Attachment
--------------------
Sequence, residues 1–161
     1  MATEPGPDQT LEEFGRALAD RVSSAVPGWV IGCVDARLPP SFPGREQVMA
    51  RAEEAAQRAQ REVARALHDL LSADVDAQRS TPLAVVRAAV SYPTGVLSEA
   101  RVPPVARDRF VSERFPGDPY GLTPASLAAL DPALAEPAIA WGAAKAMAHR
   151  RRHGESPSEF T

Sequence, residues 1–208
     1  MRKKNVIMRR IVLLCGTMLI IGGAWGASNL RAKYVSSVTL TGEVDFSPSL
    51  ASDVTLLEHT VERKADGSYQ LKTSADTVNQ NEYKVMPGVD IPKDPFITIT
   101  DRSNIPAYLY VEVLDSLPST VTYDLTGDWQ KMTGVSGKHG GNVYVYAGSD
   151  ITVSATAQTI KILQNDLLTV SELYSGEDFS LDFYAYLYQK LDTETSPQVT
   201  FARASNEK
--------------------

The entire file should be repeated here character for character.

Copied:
Sequence, residues 1–161
     1  MATEPGPDQT LEEFGRALAD RVSSAVPGWV IGCVDARLPP SFPGREQVMA
    51  RAEEAAQRAQ REVARALHDL LSADVDAQRS TPLAVVRAAV SYPTGVLSEA
   101  RVPPVARDRF VSERFPGDPY GLTPASLAAL DPALAEPAIA WGAAKAMAHR
   151  RRHGESPSEF T

Sequence, residues 1–208
     1  MRKKNVIMRR IVLLCGTMLI IGGAWGASNL RAKYVSSVTL TGEVDFSPSL
    51  ASDVTLLEHT VERKADGSYQ LKTSADTVNQ NEYKVMPGVD IPKDPFITIT
   101  DRSNIPAYLY VEVLDSLPST VTYDLTGDWQ KMTGVSGKHG GNVYVYAGSD
   151  ITVSATAQTI KILQNDLLTV SELYSGEDFS LDFYAYLYQK LDTETSPQVT
   201  FARASNEK